“As a founding member of the Committee for the Status of Endangered Wildlife in Canada, CWF is concerned that 13 of the 16 population groups of Chinook Salmon assessed from southern British Columbia are at risk of extinction,” says David Browne, CWF Director of Conservation Science. “Declining quality of marine and freshwater habitat is sighted as a key factor. This is yet more reason to invest in habitat restoration and protection in the Fraser River watershed and address the Cohen Commission recommendations. This is also sad news for Southern Resident Killer Whales as their main prey, Fraser River Chinook Salmon, are determined to be at risk of extinction by Canada’s experts.”

Black Ash

Black ash leaves
@ Keith Kanoti

The malicious Emerald Ash Borer has wedeled its way into many forests in Canada. This invasive species has wiped out approximately two billion trees in North America and has no intention of slowing down (or showing much mercy).

It’s unclear how the 162 million Black Ash trees still standing will survive, and so the committee listed the tree as Threatened. Black Ash are a very important tree to our forests. They’re the most widely distributed trees in Canada and are used to make commercial items like baskets, furniture, flooring and snowshoes.

What You Can Do

upload observations to inaturalist.ca
Upload observations to iNaturalist.ca

The last thing we’d want is for you to feel helpless after reading the state of some of Canada’s wildlife. That’s why, we’ve got plenty that you can do to help!  Did you know 13 of the 22 species assessed have been observed by iNaturalist users? You can help to inform assessments of other species by downloading the iNaturalist app and be part of Canada’s biodiversity monitoring team!


7 Steps to Properly Plant a Tree for Tree Day

Trees are wonderful additions to any property.

They provide clean air, shelter and food for wildlife and so much more. Once you’ve decided on what kind of tree you want, follow these steps to ensure it’s a happy and healthy addition to your backyard.

Download step-by-step instructions

1. Best Time to Plant a Tree

best time to plant a tree calendar graphic

The best time for planting bare root trees (roots are not in a pot) is early spring (before the leaf buds open) or late fall (after deciduous leaves have fallen). Choose early mornings, evenings and rainy days to do the work.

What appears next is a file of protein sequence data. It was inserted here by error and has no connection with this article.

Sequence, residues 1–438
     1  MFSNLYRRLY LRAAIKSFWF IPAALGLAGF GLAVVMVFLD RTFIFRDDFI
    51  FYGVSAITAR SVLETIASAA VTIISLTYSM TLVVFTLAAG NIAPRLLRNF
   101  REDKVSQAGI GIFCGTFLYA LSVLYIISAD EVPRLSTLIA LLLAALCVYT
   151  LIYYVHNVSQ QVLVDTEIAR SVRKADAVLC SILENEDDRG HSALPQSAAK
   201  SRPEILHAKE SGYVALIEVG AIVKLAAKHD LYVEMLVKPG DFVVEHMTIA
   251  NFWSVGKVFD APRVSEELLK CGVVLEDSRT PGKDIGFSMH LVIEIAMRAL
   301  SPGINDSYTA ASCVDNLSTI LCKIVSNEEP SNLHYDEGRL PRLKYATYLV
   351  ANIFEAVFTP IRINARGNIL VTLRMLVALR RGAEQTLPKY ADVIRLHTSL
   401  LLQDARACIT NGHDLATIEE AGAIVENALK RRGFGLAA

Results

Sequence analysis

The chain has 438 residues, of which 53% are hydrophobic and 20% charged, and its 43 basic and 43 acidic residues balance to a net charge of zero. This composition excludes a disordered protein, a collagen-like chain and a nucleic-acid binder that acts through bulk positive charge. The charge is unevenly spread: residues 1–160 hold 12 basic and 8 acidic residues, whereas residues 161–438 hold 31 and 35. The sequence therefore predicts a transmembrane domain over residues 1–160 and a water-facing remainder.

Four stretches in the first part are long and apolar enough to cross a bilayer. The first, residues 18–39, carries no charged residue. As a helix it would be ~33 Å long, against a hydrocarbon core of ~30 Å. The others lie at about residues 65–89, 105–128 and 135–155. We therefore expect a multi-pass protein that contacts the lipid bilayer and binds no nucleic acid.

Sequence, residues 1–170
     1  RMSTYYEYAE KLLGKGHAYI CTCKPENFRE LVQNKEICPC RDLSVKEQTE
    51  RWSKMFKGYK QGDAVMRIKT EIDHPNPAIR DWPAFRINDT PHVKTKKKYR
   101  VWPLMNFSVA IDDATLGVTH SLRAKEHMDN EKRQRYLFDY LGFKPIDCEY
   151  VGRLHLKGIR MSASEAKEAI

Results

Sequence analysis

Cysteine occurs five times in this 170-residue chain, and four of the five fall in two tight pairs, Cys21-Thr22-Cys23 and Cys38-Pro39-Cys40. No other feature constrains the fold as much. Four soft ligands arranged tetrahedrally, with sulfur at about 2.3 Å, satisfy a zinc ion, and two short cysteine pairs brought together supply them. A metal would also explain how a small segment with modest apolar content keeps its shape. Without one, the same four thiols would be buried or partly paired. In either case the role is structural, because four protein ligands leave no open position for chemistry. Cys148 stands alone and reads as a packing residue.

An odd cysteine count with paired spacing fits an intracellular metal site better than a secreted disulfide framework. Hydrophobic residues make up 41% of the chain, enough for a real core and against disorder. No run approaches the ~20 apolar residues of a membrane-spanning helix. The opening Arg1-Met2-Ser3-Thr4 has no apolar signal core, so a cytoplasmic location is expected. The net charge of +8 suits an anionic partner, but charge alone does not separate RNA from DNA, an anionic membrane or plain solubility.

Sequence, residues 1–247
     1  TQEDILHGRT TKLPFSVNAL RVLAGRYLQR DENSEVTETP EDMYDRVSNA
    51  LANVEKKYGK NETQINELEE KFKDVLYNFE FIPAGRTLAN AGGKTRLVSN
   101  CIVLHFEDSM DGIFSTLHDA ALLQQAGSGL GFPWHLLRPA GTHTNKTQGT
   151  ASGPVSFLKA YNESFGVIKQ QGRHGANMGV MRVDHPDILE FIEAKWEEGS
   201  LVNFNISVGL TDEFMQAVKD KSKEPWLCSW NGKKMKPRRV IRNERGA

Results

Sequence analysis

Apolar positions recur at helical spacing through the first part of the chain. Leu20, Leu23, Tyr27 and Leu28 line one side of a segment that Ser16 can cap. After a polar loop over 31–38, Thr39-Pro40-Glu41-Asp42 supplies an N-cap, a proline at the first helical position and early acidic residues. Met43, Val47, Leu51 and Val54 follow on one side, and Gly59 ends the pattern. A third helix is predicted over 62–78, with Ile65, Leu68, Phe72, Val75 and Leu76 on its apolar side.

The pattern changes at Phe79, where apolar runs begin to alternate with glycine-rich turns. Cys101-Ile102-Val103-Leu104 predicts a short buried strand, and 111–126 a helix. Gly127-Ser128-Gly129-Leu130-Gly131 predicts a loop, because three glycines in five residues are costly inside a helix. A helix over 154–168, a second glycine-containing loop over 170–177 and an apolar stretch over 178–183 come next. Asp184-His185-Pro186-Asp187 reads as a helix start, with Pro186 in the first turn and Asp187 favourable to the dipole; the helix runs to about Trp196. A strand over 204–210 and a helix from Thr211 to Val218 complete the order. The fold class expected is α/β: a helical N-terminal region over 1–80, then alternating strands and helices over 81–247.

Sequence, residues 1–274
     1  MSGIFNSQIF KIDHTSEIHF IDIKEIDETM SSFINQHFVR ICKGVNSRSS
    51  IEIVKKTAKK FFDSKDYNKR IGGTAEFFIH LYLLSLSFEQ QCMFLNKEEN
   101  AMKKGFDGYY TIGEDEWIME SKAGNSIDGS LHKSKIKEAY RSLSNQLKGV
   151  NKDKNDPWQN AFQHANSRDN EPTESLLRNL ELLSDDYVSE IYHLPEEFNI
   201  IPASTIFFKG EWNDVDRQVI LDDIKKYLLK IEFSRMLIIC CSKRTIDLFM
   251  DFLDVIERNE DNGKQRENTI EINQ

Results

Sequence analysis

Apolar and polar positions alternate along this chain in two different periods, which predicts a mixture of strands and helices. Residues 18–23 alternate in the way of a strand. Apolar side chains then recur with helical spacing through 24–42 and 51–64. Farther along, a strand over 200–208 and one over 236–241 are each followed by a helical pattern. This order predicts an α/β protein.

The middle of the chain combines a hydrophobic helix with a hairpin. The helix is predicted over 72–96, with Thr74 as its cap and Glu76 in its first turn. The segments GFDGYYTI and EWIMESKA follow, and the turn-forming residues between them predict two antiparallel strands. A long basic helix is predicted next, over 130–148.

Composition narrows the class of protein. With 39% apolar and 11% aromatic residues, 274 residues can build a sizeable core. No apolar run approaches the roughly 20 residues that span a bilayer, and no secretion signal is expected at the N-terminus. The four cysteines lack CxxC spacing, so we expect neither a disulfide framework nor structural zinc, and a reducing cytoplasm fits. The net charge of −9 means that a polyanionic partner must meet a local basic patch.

Whatever you do, avoid planting seedlings under the hot sun.

2. Preparing the Tree for Planting

tree root ready to be planted in hole

Before you dig a hole, it’s important to take care of this lovely living thing properly. That means keeping the roots moist at all times, but don’t immerse them in water. If you must store them, do so in a sheltered, cool, shaded spot.

Bare root trees and seedlings should be planted as soon as possible.

Planting Seedlings

In the case of seedlings, remove a patch of sod about three to six centimetres wide and dig a hole three to 10 cm deep for each one—just deep enough to allow the root of the plant to be buried up to the root collar (where the roots join the stem). There should be enough space to spread the roots out without bending or curving them around.

Planting Larger Trees

In the case of larger bare root trees, you can build a cone-shaped mound in the centre of the hole that will allow you to spread the tree’s roots out over the mound.

3. Preparing the Ground for Planting

For large plants, the hole you dig should be the same depth as two to three times the width of the root ball. Allow at least 15 cm of extra space around a root. Leave a radius of at least one metre between plantings.

You’ll want to consult with an expert on the spacing required between each species of tree or shrub. Once the hole is dug, fill it with water before placing the tree in it, so the roots get a good drink.

4. Cover and Care for Planted Tree

Use the soil that you removed from the hole to fill it back in. Don’t forget to break up any hard-packed clumps and add the soil gradually. Gently tamp the soil or add water to eliminate any air pockets. Whatever you do, don’t compact the soil!

Add more soil and water again. This step ensures that air pockets are filled with healthy soil. Do not press very wet soil or it will become too compacted. If you can, water the tree immediately and slowly, letting it soak in before adding more.

Staking Your Tree

You’re only going to want to stake your tree if it’s absolutely necessary. So if it’s very windy, it might be a good idea to stake the tree. If you decide to do that, be sure to use soft, wide material strips and tie the tree loosely to allow some movement. Gradually loosen the guy wires so the tree can develop its own strength.

Watering Your Tree